Strawberry poison dart frog

One of the most colorful amphibians in Costa Rica is the poison dart frog, a group of species known for their brilliant hues and their toxic skin.Poison dart frogs all belong to the scientific family Dendrobatidae, which contains more than 175 individual species spread across a range that includes large parts of Central and South America. Although this clade is remarkably diverse, just seven kinds of poison dart frog reside in Costa Rica – and only three of those species have the bright colors for which the family is most famous. Travelers in Costa Rica who want to see these animals can do so on a visit to Puerto Viejo de Talamanca, Puerto Viejo de Sarapiqui or Tortuguero National Park.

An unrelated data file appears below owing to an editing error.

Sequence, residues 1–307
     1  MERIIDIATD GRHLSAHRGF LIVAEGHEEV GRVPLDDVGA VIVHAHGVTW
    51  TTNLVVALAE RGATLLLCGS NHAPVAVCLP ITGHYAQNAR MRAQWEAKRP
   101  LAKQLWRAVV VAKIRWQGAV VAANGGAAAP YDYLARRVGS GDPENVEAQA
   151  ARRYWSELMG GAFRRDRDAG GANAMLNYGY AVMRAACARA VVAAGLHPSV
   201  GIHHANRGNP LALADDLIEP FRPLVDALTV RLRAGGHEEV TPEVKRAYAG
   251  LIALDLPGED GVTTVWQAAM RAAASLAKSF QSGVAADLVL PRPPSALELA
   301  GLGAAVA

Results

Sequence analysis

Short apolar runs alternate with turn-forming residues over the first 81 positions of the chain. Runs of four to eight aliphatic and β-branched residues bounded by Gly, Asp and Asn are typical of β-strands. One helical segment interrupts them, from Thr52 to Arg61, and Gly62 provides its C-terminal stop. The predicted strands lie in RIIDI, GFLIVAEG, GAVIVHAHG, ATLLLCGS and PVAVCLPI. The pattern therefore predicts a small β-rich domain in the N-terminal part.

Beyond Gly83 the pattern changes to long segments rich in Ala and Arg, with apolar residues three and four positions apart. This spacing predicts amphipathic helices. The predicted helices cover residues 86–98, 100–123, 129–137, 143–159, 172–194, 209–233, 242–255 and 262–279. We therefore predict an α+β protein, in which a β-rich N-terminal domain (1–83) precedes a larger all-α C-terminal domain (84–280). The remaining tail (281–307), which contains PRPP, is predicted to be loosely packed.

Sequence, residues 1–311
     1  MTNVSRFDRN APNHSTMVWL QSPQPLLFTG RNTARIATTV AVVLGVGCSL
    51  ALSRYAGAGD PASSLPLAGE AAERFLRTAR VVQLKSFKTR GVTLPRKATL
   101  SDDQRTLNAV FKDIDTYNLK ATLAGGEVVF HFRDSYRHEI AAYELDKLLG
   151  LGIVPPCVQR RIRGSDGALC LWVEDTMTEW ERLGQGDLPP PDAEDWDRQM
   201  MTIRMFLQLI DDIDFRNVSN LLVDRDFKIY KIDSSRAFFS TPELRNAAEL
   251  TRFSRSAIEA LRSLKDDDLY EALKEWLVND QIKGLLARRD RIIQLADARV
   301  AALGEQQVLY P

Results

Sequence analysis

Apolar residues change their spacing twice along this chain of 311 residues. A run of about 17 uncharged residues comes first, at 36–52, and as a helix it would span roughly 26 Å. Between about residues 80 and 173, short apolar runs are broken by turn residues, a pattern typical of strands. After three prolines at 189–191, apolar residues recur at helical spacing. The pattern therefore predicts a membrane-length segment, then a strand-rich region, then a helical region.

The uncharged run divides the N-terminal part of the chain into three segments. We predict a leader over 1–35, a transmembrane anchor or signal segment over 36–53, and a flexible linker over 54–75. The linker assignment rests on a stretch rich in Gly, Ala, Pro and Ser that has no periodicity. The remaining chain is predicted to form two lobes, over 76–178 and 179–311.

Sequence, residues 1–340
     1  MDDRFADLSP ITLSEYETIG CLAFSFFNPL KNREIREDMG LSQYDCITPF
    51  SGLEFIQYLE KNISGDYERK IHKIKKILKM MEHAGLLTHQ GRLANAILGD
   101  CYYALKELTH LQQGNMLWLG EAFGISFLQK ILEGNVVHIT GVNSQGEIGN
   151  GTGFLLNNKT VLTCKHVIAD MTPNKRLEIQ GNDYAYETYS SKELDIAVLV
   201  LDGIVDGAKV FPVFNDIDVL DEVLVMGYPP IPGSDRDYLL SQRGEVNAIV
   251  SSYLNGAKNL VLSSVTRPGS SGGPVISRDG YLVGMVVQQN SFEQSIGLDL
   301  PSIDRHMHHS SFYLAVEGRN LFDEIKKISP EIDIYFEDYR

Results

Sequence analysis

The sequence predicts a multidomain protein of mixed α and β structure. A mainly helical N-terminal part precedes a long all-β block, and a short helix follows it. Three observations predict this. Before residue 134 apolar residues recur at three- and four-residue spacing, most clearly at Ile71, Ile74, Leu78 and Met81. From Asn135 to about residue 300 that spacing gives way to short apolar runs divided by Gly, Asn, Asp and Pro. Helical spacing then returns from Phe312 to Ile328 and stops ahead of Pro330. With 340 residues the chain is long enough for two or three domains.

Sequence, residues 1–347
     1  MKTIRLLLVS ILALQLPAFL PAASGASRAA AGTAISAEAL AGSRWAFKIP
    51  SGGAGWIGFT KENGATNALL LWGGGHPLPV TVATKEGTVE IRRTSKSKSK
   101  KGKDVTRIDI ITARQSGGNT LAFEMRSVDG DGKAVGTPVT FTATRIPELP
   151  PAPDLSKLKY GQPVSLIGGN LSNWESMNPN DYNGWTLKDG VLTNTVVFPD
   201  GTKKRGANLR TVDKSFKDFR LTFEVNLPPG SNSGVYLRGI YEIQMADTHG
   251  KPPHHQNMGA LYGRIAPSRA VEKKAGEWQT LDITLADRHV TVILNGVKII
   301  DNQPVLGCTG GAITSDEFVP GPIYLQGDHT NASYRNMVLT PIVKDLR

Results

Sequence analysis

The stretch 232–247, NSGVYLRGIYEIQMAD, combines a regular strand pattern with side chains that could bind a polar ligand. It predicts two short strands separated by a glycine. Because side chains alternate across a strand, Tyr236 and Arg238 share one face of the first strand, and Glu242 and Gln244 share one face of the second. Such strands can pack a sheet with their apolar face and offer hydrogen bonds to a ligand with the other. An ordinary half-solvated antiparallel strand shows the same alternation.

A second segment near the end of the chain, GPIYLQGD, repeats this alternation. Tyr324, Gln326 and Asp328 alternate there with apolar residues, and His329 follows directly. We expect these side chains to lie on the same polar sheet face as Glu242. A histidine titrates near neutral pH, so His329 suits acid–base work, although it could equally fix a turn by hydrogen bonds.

In general, poison dart frogs are diurnal, meaning that they are most active during the day. Their diet includes ants and termites, and they primarily make their home in the dense rainforests of Costa Rica’s lowlands. These animals get their name from the toxins produced by their skin. This poison serves as a natural defense mechanism, and any animal that eats a poison dart frog is likely to die as a result. Some native groups made use of this toxin to tip blowdarts with poison, using the frogs’ means of defense for their own purposes. Poison dart frogs’ trademark coloration serves as a warning, telling potential predators that the tiny amphibians are much more dangerous than they appear